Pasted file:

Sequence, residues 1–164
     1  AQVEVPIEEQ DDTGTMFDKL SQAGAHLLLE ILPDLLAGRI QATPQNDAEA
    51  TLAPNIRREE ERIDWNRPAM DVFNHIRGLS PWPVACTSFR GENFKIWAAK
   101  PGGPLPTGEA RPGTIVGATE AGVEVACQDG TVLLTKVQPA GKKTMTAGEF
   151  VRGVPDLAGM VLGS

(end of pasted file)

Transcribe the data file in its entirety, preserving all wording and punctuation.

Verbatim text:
Sequence, residues 1–164
     1  AQVEVPIEEQ DDTGTMFDKL SQAGAHLLLE ILPDLLAGRI QATPQNDAEA
    51  TLAPNIRREE ERIDWNRPAM DVFNHIRGLS PWPVACTSFR GENFKIWAAK
   101  PGGPLPTGEA RPGTIVGATE AGVEVACQDG TVLLTKVQPA GKKTMTAGEF
   151  VRGVPDLAGM VLGS